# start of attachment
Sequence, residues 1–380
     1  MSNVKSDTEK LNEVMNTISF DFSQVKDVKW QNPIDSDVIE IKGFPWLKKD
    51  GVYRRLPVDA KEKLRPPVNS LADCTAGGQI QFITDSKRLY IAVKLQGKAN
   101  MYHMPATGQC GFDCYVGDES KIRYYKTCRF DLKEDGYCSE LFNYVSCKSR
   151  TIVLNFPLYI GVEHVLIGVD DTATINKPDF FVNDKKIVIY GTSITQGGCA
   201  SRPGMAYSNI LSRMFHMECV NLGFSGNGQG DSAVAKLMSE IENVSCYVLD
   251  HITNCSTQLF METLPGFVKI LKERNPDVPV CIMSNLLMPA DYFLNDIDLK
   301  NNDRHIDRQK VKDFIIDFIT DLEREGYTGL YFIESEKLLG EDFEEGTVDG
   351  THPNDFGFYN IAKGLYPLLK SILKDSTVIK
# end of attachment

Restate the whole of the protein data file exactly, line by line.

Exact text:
Sequence, residues 1–380
     1  MSNVKSDTEK LNEVMNTISF DFSQVKDVKW QNPIDSDVIE IKGFPWLKKD
    51  GVYRRLPVDA KEKLRPPVNS LADCTAGGQI QFITDSKRLY IAVKLQGKAN
   101  MYHMPATGQC GFDCYVGDES KIRYYKTCRF DLKEDGYCSE LFNYVSCKSR
   151  TIVLNFPLYI GVEHVLIGVD DTATINKPDF FVNDKKIVIY GTSITQGGCA
   201  SRPGMAYSNI LSRMFHMECV NLGFSGNGQG DSAVAKLMSE IENVSCYVLD
   251  HITNCSTQLF METLPGFVKI LKERNPDVPV CIMSNLLMPA DYFLNDIDLK
   301  NNDRHIDRQK VKDFIIDFIT DLEREGYTGL YFIESEKLLG EDFEEGTVDG
   351  THPNDFGFYN IAKGLYPLLK SILKDSTVIK